Flirting in Cars and Selfie Culture in Iran
Just across the Persian Gulf from Dubai and Abu Dhabi lies the Iranian industrial port of Bandar Abbas. It’s a world away from its glitzy neighbours, and most tourists know it as the ferry point for Qeshm and Hormuz. With an evening to kill before my ferry left, I decided to hit the beach. I soon found myself dodging cars, motorbikes and stray dogs – the air filling with noise and fumes, as men and women in the latest Western clothing drove endlessly around. I was watching what could only be described as Car Tinder. Known locally as ‘Door Door’, it involves driving past each other, flirting from behind car windows, stopping and exchanging numbers whenever there’s a match.
There’s a special place for beaches in every culture but Iran takes it to up 11. In a country where the Islamic Regime keeps a close watch on everyday life, and both public flirting and much social media* are banned, the beach is truly special. It’s a place for young Iranians to dodge the Morality Police, to flirt, to show off their cars, to express themselves. Girls would even remove their hijabs to feel the wind in their hair.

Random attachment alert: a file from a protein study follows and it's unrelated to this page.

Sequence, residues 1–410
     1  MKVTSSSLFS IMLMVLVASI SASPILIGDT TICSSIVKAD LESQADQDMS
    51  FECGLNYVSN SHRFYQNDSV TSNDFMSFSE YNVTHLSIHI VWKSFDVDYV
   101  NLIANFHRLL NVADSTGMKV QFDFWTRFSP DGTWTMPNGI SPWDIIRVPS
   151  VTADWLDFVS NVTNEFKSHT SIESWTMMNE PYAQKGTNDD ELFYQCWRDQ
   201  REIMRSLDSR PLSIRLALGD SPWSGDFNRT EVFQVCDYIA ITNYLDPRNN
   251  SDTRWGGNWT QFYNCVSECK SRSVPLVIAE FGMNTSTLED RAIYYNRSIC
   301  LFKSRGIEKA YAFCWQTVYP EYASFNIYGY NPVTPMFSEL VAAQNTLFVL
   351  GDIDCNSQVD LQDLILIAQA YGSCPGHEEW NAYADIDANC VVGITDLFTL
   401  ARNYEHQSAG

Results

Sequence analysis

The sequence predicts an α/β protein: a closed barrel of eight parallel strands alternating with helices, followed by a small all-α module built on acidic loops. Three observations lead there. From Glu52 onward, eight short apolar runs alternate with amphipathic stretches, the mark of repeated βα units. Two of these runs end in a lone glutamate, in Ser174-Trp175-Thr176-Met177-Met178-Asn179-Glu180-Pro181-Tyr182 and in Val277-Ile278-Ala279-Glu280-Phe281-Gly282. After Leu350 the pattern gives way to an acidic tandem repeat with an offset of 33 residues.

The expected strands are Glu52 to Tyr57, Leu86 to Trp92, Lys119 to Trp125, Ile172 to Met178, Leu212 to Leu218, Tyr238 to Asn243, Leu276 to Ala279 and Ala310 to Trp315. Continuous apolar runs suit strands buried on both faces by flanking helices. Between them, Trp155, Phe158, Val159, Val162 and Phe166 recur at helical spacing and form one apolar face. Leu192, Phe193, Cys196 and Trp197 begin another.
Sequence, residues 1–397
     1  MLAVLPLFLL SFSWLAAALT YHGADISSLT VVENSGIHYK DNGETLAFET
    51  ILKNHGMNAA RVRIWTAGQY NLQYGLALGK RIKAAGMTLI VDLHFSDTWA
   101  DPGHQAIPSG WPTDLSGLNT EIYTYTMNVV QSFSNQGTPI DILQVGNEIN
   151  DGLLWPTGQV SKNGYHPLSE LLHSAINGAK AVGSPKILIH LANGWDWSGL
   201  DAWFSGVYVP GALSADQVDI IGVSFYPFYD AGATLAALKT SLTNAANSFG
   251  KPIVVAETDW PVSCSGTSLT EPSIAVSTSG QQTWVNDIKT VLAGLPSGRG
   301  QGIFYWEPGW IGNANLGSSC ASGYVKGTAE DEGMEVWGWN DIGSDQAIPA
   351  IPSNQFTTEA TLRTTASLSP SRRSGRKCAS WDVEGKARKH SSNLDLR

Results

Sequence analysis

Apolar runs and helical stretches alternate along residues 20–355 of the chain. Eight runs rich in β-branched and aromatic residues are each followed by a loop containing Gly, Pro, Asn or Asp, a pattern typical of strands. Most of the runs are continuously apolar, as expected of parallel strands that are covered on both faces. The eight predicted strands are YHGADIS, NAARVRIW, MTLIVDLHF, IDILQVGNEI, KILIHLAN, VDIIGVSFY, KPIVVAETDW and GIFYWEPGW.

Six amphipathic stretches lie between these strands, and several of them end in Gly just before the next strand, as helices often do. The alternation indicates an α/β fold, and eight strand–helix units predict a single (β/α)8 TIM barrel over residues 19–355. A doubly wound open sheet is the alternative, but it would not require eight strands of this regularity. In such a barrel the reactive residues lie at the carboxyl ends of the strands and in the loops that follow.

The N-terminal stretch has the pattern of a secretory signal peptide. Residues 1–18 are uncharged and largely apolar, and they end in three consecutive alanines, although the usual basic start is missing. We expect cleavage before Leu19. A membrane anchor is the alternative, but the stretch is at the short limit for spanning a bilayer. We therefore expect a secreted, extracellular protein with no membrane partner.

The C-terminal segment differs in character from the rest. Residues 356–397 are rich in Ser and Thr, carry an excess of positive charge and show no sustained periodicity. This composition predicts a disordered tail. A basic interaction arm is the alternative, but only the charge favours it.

The action really gets going at sunset. That’s when the selfies begin. Selfie culture is big in Iran. Everyone uses VPNs to access Facebook, Google and Western news. (And looking right matters. Nose jobs are a popular status symbol. Everywhere I went I saw fresh nose bandages, not all of them real.)
Here amongst the noise, fumes and dust of the beach, you realise just how expert young Iranians are at finding ways to express themselves and, mainly, to flirt. No matter what restrictions the authorities impose, the youth will always find creative ways around them.
The day I left Iran, protests raged across the country against fuel price hikes. Driving cars on the beach (or anywhere else) had just got a whole lot more expensive. The Regime shut down the entire internet for days. Selfie Culture was put on hold. But something told me, it wouldn’t be for long.